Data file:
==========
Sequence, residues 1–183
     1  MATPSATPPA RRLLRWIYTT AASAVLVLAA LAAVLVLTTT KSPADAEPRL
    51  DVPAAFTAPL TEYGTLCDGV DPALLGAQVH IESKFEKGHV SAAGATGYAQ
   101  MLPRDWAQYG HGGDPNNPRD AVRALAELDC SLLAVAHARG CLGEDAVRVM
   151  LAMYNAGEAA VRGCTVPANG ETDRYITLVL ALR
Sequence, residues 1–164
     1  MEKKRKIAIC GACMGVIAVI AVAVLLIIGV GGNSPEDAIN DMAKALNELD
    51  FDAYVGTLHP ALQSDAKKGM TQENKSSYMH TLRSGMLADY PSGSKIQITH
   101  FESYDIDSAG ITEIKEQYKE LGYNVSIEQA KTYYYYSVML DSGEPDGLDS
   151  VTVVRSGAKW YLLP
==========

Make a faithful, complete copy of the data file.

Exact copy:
Sequence, residues 1–183
     1  MATPSATPPA RRLLRWIYTT AASAVLVLAA LAAVLVLTTT KSPADAEPRL
    51  DVPAAFTAPL TEYGTLCDGV DPALLGAQVH IESKFEKGHV SAAGATGYAQ
   101  MLPRDWAQYG HGGDPNNPRD AVRALAELDC SLLAVAHARG CLGEDAVRVM
   151  LAMYNAGEAA VRGCTVPANG ETDRYITLVL ALR
Sequence, residues 1–164
     1  MEKKRKIAIC GACMGVIAVI AVAVLLIIGV GGNSPEDAIN DMAKALNELD
    51  FDAYVGTLHP ALQSDAKKGM TQENKSSYMH TLRSGMLADY PSGSKIQITH
   101  FESYDIDSAG ITEIKEQYKE LGYNVSIEQA KTYYYYSVML DSGEPDGLDS
   151  VTVVRSGAKW YLLP